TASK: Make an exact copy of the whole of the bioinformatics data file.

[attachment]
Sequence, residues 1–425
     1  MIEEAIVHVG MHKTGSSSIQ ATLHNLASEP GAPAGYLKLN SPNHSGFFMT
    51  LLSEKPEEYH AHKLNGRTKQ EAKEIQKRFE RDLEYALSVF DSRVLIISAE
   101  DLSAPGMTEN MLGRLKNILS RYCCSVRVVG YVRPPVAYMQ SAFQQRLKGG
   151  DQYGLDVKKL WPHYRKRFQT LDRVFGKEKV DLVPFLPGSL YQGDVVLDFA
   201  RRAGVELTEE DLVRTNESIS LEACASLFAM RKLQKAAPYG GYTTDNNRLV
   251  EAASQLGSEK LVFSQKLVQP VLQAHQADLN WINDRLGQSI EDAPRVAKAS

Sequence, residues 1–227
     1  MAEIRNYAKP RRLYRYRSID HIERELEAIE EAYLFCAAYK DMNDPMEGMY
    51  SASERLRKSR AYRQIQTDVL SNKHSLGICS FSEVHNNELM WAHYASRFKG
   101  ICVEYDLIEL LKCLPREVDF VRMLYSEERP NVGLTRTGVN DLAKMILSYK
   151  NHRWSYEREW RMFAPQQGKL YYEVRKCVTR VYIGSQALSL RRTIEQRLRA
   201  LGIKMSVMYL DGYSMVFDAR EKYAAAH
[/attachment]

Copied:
Sequence, residues 1–425
     1  MIEEAIVHVG MHKTGSSSIQ ATLHNLASEP GAPAGYLKLN SPNHSGFFMT
    51  LLSEKPEEYH AHKLNGRTKQ EAKEIQKRFE RDLEYALSVF DSRVLIISAE
   101  DLSAPGMTEN MLGRLKNILS RYCCSVRVVG YVRPPVAYMQ SAFQQRLKGG
   151  DQYGLDVKKL WPHYRKRFQT LDRVFGKEKV DLVPFLPGSL YQGDVVLDFA
   201  RRAGVELTEE DLVRTNESIS LEACASLFAM RKLQKAAPYG GYTTDNNRLV
   251  EAASQLGSEK LVFSQKLVQP VLQAHQADLN WINDRLGQSI EDAPRVAKAS

Sequence, residues 1–227
     1  MAEIRNYAKP RRLYRYRSID HIERELEAIE EAYLFCAAYK DMNDPMEGMY
    51  SASERLRKSR AYRQIQTDVL SNKHSLGICS FSEVHNNELM WAHYASRFKG
   101  ICVEYDLIEL LKCLPREVDF VRMLYSEERP NVGLTRTGVN DLAKMILSYK
   151  NHRWSYEREW RMFAPQQGKL YYEVRKCVTR VYIGSQALSL RRTIEQRLRA
   201  LGIKMSVMYL DGYSMVFDAR EKYAAAH